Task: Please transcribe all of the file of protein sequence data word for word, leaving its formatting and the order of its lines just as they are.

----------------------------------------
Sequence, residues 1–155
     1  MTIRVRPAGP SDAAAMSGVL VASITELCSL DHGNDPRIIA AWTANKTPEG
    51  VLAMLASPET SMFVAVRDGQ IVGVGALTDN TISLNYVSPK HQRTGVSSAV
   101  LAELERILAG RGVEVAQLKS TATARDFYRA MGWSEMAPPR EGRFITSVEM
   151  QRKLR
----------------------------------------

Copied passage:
Sequence, residues 1–155
     1  MTIRVRPAGP SDAAAMSGVL VASITELCSL DHGNDPRIIA AWTANKTPEG
    51  VLAMLASPET SMFVAVRDGQ IVGVGALTDN TISLNYVSPK HQRTGVSSAV
   101  LAELERILAG RGVEVAQLKS TATARDFYRA MGWSEMAPPR EGRFITSVEM
   151  QRKLR